Tips for Gardening with Children | Guest Post by Melissa Norris

The Amish traditionally have large families with lots of children under foot. They work as a family unit while keeping up their farms, livelihoods, and homes. Children learn from a young age how to do household and farm chores and are expected to help.

Their children don’t have video games, televisions, or iPods to keep them occupied. They’re busy tending their home, crops, and livestock. And I believe that they might have the better childhood when comparing most of mainstream society’s children.

tipsforgardeningiwthchildren

As far back as I can remember, every spring we hauled out the rototiller and began preparing the garden for planting. I grew up learning from both my parents the ins and outs of gardening, each year taking on new tasks and responsibilities. When my own children were born, I passed on this tradition.

Depending upon the age of your children, I’ve gleaned a few tips to make your time with them in the garden productive and meaningful.

  1. Mark the rows. Mark your rows clearly when you’re planting so little feet (and big) don’t step on the newly-planted seed. A great indoor project is to have the kids make the row markers ahead of time. It can be as simple as writing in permanent marker on wooden stakes or have them color and write out cards that you then have laminated. My parents used to put the empty seed packet upside down on the stake.
  2. Create an assembly line. We plant our garden in one day, so to keep things orderly and manage our time, we create an assembly line. My husband maps out the rows. He uses a long piece of pipe and presses it into the dirt, leaving an indent for the seeds and a straight line. I poke holes the appropriate deepness for each seed and have each child drop a seed into the hole (on their own row). I go behind them and cover the seed as they’re planting. Older children can cover the seeds as well.
  3. Give toddlers their own section. When my daughter was one and two years old, we gave her a small corner of the garden as her own. We let her plant her seeds in this section by herself. During weeding, she was free to weed her own plot. (I didn’t have to worry about her weeding my vegetables by mistake.) At harvest time, she picked her own beans, and I didn’t worry about her pulling the plant off the pole or uprooting it.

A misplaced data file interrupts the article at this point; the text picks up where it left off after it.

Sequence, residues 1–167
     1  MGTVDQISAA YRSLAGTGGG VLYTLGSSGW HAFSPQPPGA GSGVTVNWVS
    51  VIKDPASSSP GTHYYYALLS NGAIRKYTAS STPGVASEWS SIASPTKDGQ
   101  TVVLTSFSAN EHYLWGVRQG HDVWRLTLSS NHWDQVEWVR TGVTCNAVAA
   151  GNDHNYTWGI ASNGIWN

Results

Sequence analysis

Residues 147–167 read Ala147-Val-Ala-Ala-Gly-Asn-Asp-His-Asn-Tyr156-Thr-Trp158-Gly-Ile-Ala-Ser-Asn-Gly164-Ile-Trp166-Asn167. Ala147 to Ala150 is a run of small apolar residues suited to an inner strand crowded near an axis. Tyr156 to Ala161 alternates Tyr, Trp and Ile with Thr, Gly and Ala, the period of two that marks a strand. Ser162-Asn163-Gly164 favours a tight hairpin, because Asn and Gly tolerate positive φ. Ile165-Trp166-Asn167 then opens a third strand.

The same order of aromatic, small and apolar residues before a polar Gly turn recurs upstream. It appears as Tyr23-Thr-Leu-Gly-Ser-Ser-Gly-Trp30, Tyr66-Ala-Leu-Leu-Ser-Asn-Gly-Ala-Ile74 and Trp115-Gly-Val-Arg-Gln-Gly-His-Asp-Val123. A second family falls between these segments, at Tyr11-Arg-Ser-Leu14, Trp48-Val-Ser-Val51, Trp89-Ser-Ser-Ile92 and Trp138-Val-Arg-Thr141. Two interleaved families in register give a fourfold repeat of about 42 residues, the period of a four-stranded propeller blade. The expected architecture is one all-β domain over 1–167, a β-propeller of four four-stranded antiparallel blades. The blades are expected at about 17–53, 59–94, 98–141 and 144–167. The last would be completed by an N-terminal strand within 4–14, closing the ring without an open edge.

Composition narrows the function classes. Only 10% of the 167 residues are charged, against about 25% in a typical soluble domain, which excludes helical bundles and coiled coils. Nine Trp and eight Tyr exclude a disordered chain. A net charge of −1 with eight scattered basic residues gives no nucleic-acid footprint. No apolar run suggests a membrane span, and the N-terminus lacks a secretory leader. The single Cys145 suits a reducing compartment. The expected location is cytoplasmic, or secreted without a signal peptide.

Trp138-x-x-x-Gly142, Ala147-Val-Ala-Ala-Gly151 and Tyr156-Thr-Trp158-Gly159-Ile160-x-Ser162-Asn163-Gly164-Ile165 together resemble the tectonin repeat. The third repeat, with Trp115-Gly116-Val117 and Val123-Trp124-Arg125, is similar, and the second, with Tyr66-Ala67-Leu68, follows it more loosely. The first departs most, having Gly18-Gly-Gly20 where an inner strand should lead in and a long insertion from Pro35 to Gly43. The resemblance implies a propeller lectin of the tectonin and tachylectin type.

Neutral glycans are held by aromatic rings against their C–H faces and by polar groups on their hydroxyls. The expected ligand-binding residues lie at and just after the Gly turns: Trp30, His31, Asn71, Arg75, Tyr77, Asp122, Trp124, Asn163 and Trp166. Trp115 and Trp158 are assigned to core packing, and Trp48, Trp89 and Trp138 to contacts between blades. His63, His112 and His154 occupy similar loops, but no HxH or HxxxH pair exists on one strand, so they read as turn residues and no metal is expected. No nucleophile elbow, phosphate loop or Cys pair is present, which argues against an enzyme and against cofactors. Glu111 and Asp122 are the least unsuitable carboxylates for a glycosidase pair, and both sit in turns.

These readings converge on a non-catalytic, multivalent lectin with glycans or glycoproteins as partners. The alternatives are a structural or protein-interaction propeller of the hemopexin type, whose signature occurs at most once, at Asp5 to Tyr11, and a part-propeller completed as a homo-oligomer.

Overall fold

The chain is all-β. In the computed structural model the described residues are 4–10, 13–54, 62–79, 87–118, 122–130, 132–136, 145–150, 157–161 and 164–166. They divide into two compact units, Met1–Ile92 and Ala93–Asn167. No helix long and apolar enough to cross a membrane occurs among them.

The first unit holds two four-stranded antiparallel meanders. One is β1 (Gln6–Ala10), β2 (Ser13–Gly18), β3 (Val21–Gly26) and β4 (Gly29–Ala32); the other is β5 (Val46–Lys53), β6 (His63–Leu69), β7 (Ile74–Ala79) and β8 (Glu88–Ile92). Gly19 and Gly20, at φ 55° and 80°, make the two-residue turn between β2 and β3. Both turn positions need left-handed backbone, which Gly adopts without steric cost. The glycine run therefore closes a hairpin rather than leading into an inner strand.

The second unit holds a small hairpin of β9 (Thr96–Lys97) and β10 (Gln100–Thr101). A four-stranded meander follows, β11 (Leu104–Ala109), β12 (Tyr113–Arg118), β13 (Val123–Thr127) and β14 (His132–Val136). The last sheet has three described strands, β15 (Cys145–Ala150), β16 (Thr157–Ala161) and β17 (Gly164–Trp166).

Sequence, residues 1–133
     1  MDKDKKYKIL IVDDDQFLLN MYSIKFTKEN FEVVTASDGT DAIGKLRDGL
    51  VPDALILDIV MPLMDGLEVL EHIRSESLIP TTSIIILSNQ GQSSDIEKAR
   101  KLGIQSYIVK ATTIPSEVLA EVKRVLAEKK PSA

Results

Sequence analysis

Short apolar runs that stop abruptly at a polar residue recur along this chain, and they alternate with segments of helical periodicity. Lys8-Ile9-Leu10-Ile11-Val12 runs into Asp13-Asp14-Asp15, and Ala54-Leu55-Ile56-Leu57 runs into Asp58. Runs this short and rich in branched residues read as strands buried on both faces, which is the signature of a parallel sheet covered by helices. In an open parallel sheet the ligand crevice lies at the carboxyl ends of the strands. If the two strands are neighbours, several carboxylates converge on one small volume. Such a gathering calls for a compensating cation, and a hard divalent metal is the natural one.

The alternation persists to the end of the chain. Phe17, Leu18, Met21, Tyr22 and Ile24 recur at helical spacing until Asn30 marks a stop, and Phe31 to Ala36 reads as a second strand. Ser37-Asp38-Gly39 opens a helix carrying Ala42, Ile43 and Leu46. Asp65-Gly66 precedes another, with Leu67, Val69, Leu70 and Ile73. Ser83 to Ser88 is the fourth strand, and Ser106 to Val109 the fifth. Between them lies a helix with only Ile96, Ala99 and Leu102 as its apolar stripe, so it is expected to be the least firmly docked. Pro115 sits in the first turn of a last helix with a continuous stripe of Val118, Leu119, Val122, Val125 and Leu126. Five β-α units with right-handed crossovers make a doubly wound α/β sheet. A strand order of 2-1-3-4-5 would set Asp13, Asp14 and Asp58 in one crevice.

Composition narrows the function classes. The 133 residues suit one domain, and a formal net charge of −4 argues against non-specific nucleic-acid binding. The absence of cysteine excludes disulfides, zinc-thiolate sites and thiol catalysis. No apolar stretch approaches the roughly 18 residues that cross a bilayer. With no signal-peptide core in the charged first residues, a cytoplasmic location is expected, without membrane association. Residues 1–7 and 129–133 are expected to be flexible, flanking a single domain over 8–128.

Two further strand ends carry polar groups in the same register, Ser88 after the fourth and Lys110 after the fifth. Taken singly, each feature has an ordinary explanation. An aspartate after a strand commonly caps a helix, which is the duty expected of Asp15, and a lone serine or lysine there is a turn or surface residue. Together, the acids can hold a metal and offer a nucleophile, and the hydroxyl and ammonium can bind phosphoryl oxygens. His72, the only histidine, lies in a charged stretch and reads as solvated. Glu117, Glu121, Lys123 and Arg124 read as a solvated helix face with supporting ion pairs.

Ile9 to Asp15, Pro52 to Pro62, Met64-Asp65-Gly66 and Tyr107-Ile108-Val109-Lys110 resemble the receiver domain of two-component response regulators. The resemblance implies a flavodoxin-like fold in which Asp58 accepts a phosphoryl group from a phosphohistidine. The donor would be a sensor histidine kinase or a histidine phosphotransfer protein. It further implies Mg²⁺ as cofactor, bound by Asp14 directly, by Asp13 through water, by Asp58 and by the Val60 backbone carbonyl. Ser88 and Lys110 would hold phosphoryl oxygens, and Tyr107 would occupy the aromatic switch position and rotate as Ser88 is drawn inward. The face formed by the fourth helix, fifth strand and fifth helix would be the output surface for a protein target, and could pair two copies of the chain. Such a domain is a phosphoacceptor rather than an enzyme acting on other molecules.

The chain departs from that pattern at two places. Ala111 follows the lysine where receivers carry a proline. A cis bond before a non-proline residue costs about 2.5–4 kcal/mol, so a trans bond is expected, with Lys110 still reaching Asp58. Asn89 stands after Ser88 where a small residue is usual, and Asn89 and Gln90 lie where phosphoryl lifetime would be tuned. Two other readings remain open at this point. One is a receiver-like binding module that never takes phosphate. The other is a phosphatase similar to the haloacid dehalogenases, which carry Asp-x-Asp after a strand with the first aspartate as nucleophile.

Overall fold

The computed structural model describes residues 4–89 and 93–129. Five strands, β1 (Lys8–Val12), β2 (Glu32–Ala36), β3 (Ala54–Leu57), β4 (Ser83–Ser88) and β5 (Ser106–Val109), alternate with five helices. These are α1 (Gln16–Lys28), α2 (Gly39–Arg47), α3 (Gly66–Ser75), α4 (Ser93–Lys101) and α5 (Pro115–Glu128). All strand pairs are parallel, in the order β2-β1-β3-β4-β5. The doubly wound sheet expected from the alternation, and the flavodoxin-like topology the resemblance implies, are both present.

4. Bible lessons. Use this time to explain some of the parables in the Bible. Children learn best from visual and hands on. My favorite is the parable of the sower in Mark 4:3. “Other seed fell among thorns, which grew up and choked the plant, so that they did not bear grain. Still other seed fell on good soil. It came up, grew and produced a crop, multiplying thirty, sixty, or even a hundred times.”

We chose the very best place for our garden; we water it, weed it, and help the plants grow. And just like we take care of our plants, God takes care of us.

Jesus placed us in our family and it’s our job to make sure we help one another to grow. http://clicktotweet.me/q5IC6bxN

For more tips on gardening, Melissa has a free ebook Heirloom Gardening Guide—Plant to Save Money, for her newsletter subscribers.

Melissa is also doing a giveaway on her blog for a copy of her book and several chances for people to win packets of her family’s heirloom green bean seed that isn’t available to purchase anywhere as it’s been passed down from my great-grandparents over the decades.

About the Author

Melissa K. Norris—inspiring your faith and pioneer roots. Melissa is a Christian novelist, newspaper columnist, and non-fiction writer. Her new book, Pioneering Today-Faith and Home the Old Fashioned Way, explains practical and easy methods to cook from scratch, garden, preserve your own food, and see God’s fingerprint in your everyday busy life. Her blog offers tutorials and articles on the Amish lifestyle for those of us in the modern world.

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Melissa K Norris (10 Posts)

Melissa K. Norris writes inspirational historical romance novels. Her stories inspire people to draw closer to God and their pioneer roots. She found her own little house in the big woods, where she lives with her husband and two children in the Cascade Mountains. She writes a monthly column, Pioneering Today, for the local newspaper that bridges her love of the past with its usefulness in modern life. Her books and articles are inspired by her family’s small herd of beef cattle, her amateur barrel racing days, and her forays into quilting and canning—without always reading the directions first.


Comments

  1. I love the idea of giving children their own plot to care for. I told my five-year-old she could have her own “garden” and she is just thrilled—she’s making plans for what she’ll plant and can’t wait to get started!

    • Anna, isn’t it fun to see them get excited about gardening! Having them thumb through the seed catalog to pick out their plants is something we do before hand. Can’t wait to hear how her garden grows. :)

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